Victim Care Merseyside

More than 19,000 victims of crime supported as Victim Care Merseyside marks third anniversary

Merseyside’s Police Commissioner is today marking the third anniversary of Victim Care Merseyside by holding a special event at which she will recognise the service’s achievements and explain how £3m of support for victims of crime will be delivered over the next three years.

Victim Care Merseyside

More than 19,000 vulnerable victims of crime have been given specialist, tailored support and advice from the services commissioned through Victim Care Merseyside since it was launched by Jane Kennedy in June 2015.

Additionally, more than 15,000 young people have taken part in group sessions to increase their awareness of exploitation and how to protect themselves, while 4,300 professionals have been trained to increase their understanding of crimes involving in children and what action to take if they fear a child is at risk.

 These achievements will be recognised and celebrated at an event at the Holiday Inn on Lime Street today (Wednesday 20th June), at which the PCC will also formally re-launch Victim Care Merseyside and unveil the services which will be running for the next three years. This includes a brand new support service for victims and survivors of harmful practices, including FGM, so-called ‘honour-based’ violence and forced marriage delivered by Savera UK. There will also be new support for families who have lost a loved one through homicide or crime-related road traffic collisions at ‘The Hub’ provided by Families Fighting for Justice.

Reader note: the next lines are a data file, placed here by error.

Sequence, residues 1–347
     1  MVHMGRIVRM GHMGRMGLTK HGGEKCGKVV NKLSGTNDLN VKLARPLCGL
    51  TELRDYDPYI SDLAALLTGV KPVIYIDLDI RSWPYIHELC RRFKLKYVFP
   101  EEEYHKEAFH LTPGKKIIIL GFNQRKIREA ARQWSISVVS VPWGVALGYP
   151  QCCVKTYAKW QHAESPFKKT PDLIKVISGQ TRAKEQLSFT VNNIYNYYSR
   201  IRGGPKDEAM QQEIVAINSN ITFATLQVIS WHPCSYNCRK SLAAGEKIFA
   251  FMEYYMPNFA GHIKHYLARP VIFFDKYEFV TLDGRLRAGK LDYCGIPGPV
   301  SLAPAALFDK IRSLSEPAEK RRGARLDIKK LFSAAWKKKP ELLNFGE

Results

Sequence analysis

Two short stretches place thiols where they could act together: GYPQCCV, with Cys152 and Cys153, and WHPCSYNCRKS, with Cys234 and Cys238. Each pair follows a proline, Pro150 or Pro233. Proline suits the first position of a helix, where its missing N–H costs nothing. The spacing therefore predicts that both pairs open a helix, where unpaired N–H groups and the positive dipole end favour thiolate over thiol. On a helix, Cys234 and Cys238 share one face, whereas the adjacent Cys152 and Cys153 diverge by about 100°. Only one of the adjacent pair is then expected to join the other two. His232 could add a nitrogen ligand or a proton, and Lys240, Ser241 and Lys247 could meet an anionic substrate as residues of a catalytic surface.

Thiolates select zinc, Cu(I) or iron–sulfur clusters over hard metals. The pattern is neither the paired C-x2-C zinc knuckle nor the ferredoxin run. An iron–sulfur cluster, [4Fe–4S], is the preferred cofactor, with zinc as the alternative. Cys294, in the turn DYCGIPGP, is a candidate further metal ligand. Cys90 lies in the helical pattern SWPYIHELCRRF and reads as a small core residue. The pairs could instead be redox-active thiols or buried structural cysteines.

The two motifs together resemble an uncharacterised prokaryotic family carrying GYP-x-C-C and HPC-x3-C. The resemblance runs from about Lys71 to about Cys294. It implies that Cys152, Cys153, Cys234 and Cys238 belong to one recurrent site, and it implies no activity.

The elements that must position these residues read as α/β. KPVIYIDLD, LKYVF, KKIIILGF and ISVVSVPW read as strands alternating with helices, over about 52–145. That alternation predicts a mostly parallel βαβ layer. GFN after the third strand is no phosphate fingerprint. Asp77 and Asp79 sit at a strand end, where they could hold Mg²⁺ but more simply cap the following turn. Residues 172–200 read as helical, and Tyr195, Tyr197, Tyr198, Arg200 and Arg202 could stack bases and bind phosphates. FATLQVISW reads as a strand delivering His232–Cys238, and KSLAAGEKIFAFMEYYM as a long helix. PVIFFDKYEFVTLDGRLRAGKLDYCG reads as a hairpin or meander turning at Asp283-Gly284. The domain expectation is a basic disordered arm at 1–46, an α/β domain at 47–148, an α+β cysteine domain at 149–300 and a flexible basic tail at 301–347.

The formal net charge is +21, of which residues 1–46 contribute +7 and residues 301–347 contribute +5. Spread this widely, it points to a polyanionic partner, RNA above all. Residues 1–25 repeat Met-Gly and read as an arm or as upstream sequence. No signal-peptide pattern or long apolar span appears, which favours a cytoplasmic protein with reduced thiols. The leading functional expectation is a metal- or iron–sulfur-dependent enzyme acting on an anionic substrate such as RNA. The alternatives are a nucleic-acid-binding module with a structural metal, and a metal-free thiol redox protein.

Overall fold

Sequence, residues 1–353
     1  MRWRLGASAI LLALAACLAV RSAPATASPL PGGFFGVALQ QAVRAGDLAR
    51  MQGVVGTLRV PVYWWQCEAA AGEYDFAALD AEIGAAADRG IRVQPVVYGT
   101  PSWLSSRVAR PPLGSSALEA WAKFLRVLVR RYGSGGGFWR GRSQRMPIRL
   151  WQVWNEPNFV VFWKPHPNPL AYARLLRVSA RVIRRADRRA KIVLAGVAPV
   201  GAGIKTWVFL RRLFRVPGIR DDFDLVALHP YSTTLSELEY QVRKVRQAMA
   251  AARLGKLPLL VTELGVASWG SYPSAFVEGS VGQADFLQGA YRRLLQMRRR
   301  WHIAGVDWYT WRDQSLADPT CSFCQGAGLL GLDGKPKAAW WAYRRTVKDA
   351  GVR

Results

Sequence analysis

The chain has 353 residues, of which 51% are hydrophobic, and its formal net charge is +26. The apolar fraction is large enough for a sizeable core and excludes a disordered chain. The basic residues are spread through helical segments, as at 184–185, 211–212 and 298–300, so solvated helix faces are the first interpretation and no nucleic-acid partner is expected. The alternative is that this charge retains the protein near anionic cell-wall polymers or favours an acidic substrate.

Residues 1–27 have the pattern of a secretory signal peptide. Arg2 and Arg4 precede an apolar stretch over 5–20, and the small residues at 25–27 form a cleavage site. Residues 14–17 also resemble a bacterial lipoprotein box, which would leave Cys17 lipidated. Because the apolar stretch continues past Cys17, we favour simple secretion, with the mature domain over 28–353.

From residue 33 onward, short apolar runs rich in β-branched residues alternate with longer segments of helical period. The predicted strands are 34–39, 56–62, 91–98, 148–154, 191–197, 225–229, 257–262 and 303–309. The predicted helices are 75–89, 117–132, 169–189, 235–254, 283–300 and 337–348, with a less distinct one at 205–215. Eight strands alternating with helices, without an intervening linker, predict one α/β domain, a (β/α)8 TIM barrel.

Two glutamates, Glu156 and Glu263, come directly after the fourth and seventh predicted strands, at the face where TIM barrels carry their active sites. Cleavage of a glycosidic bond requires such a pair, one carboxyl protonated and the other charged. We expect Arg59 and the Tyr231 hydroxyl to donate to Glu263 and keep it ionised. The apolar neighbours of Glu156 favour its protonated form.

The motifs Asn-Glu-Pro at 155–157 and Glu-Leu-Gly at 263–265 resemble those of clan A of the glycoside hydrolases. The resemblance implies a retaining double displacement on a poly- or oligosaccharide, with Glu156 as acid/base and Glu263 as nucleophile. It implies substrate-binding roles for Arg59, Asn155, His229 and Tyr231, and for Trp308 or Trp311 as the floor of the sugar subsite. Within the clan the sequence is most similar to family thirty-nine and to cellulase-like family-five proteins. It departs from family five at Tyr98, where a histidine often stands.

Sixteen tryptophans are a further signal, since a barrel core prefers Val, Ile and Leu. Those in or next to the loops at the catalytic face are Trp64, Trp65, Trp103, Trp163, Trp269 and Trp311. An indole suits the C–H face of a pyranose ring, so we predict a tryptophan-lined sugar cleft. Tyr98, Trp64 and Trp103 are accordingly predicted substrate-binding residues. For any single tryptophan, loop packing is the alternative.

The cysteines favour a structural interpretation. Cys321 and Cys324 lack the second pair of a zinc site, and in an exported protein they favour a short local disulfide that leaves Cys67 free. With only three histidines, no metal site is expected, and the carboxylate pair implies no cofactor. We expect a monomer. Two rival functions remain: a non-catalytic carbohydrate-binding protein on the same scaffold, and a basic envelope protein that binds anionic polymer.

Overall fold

Over the next three years, Victim Care Merseyside will also provide more tailored support for victims of hate crime, with care down by ‘strand’, to ensure victims of racial hate crime, sexuality and gender identity-based hate crime and people subjected to hate because of a disability all receive specialist support according to their need.

Victim Care Merseyside will also continue to provide a host of pan-Merseyside specialist services designed to support the most vulnerable victims of crime, including child victims of exploitation – both sexual and criminal, victims of rape and sexual assault, and domestic abuse.

Jane said: “I’m pleased that over the last three years, Victim Care Merseyside has provided more than 19,000 victims of crime with the specialist support they need to help them to become survivors. When somebody is subjected to a traumatic experience, it is only right they get the best possible care and support to help them on the road to recovery.

“These are still early days in the commissioning of local support services for victims, so it is right that I keep this under review to make sure we are delivering what is needed. Crime too is constantly evolving, so I want to make sure we are meeting the needs of victims today, and in the future. That’s why, last year I took the decision to fully review the Victim Care Merseyside service to make sure it still fits the bill and whether any improvements could be made.

“As we mark the third anniversary, I’m delighted to not only celebrate Victim Care Merseyside’s achievements so far, but also relaunch the refreshed service which will continue to deliver many vital services, but also offer new and enhanced support for some of the most vulnerable people.